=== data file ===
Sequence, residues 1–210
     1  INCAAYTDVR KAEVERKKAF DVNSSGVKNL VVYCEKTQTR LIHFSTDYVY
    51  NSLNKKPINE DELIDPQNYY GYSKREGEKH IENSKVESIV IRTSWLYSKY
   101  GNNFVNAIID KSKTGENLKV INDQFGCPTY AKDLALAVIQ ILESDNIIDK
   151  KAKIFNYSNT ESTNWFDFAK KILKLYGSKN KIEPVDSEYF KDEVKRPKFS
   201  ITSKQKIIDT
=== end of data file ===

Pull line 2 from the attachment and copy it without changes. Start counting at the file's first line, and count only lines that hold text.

     1  INCAAYTDVR KAEVERKKAF DVNSSGVKNL VVYCEKTQTR LIHFSTDYVY